Birch Street merges into Bear Street with the appropriately named house, Butchers, a fine fully timbered and jettied mid 16th C house – appropriately named because it was once the Butchers Arms until it closed in 1958. I have lost count of the number of houses that were once pubs!
Clare Cottage on the opposite side has an intruiging cartouche, dated 1690, offering a rare glimpse of the elaborate plasterwork, or pargetting, which would have adorned many local houses at this time.
Bear House, with its distinctive viewing tower, conceals genuine mid-16th C timbers behind the false planks of its extensive Edwardian refurbishment. On the left is a passage leading to a wooden bridge over the mill stream and the Lock Keeper’s Cottage. This was an ancient horse watering site, as the plaque in the featured image at the top shows.
More wonderful medieval houses line Bear Street: but by this time we were pretty much worn out – the sun had got extremely hot and the air was humid. Before we walked back to Bessie, Peter spotted this wonderful old car by the roadside:
If anyone recognises the make we would love to hear from them.
Once back in Bessie (who was like an oven) we headed back the way we had come, very hot but thrilled with what we had seen in Nayland. We made our way through the beautiful Dedham Vale to our next campsite, Little Sage Hill Hideaway (or Copenhagen Cottage) which turned out to be way down a long farm track, passing through fields of uncut corn.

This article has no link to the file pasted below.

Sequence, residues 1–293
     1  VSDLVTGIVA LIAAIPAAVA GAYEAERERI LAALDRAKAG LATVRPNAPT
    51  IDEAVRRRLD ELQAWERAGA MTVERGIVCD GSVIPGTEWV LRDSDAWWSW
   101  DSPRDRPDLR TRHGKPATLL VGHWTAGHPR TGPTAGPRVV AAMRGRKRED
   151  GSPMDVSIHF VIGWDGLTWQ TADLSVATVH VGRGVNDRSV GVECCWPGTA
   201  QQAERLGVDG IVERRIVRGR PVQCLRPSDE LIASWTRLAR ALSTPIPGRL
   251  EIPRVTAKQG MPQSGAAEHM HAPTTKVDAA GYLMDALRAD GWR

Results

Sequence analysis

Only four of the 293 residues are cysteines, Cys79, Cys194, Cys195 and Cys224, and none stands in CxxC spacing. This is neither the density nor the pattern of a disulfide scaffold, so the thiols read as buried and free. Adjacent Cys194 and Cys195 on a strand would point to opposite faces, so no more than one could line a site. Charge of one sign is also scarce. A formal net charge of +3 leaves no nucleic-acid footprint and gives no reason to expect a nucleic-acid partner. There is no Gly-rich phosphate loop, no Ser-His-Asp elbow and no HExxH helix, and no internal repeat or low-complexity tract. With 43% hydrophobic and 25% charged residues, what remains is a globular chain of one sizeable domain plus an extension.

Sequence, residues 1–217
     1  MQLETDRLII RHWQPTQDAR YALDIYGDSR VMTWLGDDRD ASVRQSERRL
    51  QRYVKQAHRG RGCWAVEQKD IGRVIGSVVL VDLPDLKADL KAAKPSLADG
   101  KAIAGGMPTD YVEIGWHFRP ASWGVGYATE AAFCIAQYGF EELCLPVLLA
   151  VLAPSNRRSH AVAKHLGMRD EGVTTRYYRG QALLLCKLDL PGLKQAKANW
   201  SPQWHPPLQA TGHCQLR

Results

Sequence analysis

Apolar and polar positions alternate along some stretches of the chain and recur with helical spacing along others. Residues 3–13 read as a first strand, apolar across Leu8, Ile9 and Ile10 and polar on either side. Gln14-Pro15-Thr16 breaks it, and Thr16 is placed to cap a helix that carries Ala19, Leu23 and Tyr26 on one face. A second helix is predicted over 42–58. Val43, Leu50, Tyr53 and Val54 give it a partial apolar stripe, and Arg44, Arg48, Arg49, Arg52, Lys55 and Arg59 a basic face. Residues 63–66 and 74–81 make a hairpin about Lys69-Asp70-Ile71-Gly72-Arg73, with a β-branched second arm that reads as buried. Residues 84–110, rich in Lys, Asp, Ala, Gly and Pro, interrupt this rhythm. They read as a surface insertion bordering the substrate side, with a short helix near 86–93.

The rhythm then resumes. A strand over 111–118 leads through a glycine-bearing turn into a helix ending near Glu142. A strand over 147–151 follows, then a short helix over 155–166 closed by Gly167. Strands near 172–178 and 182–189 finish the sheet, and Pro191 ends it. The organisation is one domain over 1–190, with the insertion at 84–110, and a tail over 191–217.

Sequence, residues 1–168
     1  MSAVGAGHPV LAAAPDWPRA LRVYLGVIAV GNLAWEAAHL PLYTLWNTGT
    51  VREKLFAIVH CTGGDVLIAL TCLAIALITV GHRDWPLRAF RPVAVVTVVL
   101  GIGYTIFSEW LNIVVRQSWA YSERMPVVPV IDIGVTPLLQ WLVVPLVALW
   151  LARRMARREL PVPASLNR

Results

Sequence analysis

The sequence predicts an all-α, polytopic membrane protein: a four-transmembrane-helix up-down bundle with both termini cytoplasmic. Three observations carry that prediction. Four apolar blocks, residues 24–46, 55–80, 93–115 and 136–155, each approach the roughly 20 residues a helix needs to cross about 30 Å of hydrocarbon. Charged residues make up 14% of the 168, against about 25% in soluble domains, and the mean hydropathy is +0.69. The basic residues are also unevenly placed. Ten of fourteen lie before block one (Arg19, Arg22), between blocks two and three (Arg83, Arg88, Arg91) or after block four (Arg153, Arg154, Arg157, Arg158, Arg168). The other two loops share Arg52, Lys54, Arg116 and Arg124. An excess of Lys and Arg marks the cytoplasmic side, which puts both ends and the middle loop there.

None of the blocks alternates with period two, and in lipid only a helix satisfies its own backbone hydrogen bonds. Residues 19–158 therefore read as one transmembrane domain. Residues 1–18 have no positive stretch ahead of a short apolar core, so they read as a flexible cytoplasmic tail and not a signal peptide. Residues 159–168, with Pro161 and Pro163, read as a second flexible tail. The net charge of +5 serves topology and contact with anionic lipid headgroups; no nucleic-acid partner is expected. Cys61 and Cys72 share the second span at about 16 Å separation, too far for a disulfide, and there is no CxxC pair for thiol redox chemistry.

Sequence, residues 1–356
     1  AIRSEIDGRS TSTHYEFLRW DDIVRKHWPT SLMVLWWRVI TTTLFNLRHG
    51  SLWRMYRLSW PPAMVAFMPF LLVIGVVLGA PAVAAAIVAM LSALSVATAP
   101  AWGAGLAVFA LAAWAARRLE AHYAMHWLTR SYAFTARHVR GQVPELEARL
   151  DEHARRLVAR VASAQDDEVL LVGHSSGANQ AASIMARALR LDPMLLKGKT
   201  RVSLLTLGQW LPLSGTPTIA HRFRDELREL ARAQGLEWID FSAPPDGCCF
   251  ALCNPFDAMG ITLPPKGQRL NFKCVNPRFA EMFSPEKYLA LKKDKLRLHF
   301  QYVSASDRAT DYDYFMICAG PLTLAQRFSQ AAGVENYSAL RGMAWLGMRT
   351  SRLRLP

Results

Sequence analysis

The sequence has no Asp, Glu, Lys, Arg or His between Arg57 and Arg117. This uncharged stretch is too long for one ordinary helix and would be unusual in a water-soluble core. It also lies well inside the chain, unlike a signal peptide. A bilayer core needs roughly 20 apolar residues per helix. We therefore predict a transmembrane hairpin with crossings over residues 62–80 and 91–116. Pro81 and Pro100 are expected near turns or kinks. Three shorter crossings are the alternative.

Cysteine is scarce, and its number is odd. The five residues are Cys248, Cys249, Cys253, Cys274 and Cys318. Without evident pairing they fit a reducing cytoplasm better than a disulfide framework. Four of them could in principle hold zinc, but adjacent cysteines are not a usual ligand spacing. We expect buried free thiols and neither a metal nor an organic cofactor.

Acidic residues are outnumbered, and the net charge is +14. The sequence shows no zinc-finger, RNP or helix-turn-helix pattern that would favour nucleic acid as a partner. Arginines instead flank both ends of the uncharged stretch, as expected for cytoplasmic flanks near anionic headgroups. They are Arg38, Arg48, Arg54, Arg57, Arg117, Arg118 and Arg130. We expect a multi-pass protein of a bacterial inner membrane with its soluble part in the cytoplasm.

We had the code for the gate and phoned Ben’s mobile as we had arranged. Anne answered and told us to choose where we wanted to pitch and they would be back soon.
We are the only campers!
It is a new site and isn’t in the C & CC book as yet (although it is on the website of course) which would explain why it was so quiet. It’s beautifully set out in a field with young trees. Fidgit the fluffy ginger cat soon made himself known to us and we tucked Bessie away by the trees. It is idyllic! The loo and washing up area is in a sweetly painted wooden structure and there is also a little information centre with plenty of leaflets and even crossword pages. I think we are about the seventh people to camp here and everything is spotless.
Anne and Ben soon turned up and proved to be a charming couple. They showed us around. They have a smallholding and she runs a yoga class in her studio which also houses a large shower room available to campers at certain times of the day. Here you can also purchase fresh veggies and eggs – of all sizes!
Back to Bessie and with a glass of Pimms in hand we sat in the early evening sunshine, still very hot at 6 o’clock. We are going to love it here. And, one of the best things as far as I am concerned, is that there is a good 3g signal so I can really get going with this blog!
While we were eating our meal outside, Peter spotted something moving by some trees. It was a hare. Bliss.
Pingback: Stepping back in time… part two « Adventures with Bessie
Nayland sounds, and looks, like a gorgeous village. The campsite you’re staying at was a good find – it must be the only one in the country to be quiet on a sunny August weekend!